- The Washington Times - Friday, June 28, 2019

Supporters of so-called “school choice” got a win Friday in the Supreme Court.

The court announced that it would add Espinoza v. Montana Department of Revenue to its fall calendar for oral arguments, setting up a potentially significant gain that could allow more states to establish voucher-style programs that funnel public dollars into private education.

At issue in Espinoza is whether the Montana state legislature can provide tax credits for families sending children to religious schools. Last year the Montana Supreme Court said no. A bill enacted in 2015 by the legislature and allowed to become law by then-Gov. Steve Bullock, now a Democratic presidential candidate, violated the state’s constitutional ban on public dollars for religious education, according to the court’s ruling.

But petitioners — three mothers of children attending religious school in Flathead County — have argued the state’s refusal to issue tax credits is religious discrimination.

On Friday, the Supreme Court picked up supporters of the law’s petition in slating the oral argument for the fall term.



“States cannot base laws on hostility to religion,” said John Bursch, an attorney with Alliance Defending Freedom, who filed a brief in support of the petition. “Likewise, no provision of Montana’s constitution can enshrine hostility to religion into state law. We commend the Supreme Court for taking this case.”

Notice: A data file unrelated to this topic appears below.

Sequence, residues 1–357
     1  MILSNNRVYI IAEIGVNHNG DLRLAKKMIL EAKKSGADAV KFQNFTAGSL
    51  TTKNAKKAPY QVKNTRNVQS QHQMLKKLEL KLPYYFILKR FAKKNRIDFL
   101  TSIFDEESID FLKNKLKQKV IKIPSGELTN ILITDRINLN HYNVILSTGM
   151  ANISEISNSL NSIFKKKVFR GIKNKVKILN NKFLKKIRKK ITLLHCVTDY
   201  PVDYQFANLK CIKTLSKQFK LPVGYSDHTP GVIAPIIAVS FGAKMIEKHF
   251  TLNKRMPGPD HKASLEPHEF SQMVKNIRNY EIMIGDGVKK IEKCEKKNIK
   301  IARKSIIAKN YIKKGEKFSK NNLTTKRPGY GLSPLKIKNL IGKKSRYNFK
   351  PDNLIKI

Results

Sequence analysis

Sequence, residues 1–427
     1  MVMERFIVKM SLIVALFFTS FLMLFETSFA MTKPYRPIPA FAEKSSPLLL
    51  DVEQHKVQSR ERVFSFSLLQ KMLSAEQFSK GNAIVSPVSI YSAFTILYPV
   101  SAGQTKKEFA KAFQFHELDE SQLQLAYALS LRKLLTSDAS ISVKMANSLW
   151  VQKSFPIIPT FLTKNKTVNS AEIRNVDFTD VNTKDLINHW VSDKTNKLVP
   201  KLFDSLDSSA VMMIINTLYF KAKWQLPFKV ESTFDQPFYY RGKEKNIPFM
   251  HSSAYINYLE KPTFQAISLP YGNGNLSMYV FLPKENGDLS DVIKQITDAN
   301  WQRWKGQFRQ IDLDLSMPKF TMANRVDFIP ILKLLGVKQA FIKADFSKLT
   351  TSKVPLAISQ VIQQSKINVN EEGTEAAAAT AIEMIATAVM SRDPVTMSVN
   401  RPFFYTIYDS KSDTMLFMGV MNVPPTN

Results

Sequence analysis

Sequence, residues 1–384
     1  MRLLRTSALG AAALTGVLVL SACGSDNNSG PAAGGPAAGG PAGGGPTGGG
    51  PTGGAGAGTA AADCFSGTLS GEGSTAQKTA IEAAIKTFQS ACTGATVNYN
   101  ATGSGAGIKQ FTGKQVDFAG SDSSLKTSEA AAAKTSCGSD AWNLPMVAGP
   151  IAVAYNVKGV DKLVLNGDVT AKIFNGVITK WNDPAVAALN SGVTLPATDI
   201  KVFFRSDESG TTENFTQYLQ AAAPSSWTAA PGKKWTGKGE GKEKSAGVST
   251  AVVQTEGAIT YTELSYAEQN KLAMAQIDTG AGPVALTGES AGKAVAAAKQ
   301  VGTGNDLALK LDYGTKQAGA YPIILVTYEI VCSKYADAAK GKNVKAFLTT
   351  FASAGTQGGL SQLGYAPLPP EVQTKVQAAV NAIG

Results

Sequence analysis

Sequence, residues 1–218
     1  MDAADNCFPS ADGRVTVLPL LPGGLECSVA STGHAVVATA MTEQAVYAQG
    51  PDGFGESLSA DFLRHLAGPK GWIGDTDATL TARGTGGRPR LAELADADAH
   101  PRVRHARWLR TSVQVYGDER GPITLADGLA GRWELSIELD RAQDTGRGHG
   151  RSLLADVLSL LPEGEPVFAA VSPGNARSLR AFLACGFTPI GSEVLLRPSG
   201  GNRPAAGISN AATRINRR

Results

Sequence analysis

The defendant is the Montana Department of Revenue and its director, who has refused to issue credits to parents of students attending religious schools, citing the U.S. Constitution’s religion and equal protection clauses.

In its response to the petitioners filed in May, counsel for the state argued the Supreme Court lacked jurisdiction.

“Both courts expressly declined to reach federal constitutional issues,” said the brief, filed by Daniel J. Whyte, special assistant attorney general for Montana. “The premature end of Montana’s unusual and temporary scholarship program does not present any important federal question.”

Conservative legal organizations have sought to widen the playing field in the wake of the court’s 2017 ruling in Trinity Lutheran. In that case, the court in a plurality found a Missouri stage agency violated an avowedly religious preschool’s rights by denying them access to a public lottery for recycled tire bits to resurface playgrounds.

Montana’s constitution, drafted and ratified in 1972, expressly forbids public dollars being spent on religious education. In its news release, ADF suggested the constitutional provision was motivated by the “dead hand of 19th century anti-Catholic bigotry.”

Former Wisconsin Gov. Scott Walker also filed a friend-of-the-court brief, saying Montana’s decision and similar decisions “imperil” school-choice vouchers in Milwaukee, which has one of the nation’s oldest and largest such programs.

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